How Long Should I Brine Pork Loin?
For my testing with brining pork loin, I tried four different brining times and have given you all the results below. This method is what I used for my chicken breast brining as well as my pork chop brine, so make sure to take a look at those results too. I’ve also tested to get perfectly brined pork tenderloin.
Not all pork loins are created equal. As you can see, some are thicker and some are longer. To control for that, I did the comparisons more than one time, and I tried to compare roasts that were similar to each other, always cooking everything to 145°F and then letting it rise to 150°F before slicing.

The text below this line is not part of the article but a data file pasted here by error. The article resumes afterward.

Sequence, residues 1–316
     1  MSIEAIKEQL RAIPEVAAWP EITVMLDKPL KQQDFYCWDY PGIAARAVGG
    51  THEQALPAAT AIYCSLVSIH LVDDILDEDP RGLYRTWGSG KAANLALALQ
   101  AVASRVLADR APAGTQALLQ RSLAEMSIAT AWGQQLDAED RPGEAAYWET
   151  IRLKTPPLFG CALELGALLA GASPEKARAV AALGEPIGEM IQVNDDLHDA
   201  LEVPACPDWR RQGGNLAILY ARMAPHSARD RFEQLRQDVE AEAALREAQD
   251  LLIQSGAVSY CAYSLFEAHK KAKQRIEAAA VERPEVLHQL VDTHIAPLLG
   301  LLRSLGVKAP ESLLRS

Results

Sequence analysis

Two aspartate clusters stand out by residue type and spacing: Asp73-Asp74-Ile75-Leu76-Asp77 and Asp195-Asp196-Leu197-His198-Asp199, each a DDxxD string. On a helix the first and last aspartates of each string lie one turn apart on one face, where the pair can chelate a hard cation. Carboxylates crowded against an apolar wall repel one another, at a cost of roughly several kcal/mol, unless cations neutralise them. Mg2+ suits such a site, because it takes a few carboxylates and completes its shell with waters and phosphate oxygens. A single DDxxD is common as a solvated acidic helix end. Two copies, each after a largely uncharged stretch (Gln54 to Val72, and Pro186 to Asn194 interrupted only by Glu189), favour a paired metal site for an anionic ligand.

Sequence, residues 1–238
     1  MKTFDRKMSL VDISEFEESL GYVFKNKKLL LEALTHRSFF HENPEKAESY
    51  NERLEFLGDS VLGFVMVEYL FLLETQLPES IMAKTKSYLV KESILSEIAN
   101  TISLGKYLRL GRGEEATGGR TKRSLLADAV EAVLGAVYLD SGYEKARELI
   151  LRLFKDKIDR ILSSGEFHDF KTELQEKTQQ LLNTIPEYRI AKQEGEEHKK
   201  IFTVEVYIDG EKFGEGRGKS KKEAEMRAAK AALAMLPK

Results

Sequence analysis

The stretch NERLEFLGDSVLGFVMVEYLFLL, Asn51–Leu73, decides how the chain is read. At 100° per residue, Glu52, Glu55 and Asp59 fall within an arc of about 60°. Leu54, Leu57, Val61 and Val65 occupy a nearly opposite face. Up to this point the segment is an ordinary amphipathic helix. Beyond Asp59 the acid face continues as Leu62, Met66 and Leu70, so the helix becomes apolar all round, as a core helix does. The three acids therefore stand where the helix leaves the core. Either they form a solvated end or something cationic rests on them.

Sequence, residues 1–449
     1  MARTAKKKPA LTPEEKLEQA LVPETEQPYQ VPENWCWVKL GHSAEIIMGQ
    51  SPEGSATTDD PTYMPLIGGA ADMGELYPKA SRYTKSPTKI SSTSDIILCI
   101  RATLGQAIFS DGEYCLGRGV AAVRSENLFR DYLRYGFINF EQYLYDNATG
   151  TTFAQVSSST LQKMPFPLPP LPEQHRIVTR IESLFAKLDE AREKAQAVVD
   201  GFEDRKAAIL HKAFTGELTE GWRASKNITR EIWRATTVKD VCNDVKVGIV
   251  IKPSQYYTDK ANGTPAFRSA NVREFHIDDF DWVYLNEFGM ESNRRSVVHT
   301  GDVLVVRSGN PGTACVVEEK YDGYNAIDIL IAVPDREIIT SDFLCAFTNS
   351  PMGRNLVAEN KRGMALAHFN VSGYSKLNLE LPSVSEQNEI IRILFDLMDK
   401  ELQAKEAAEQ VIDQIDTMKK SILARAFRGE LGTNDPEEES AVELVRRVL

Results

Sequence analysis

We tasted from the ends and from the middle, comparing end slices to end slices and middle slices to middle slices. The results were the same no matter what shape the roast was though.
Chart: Pork Loin Flavor and Texture Changes After Brining
|The texture is drier and similar to un-brined cooked pork, no real effect from brining other than some slight seasoning on the outside.
|The texture is still pretty much unchanged, but has more of a nice seasoning going on and slightly juicier in taste than the 1 hour test.
|You can see that the texture has changed and is less dry-looking. Nicely salted throughout, much juicier. Some people might find this a tad too salty and if you’re sensitive to salt, I’d say do 3 hours.
|This had the biggest texture change, almost like processed pork meat (pork lunchmeat) but way too salty.
My recommendation for the best pork loin results is to brine for 3 – 4 hours which will give you juicy meat with good seasoning from the salt.
How To Cook Pork Loin After Brining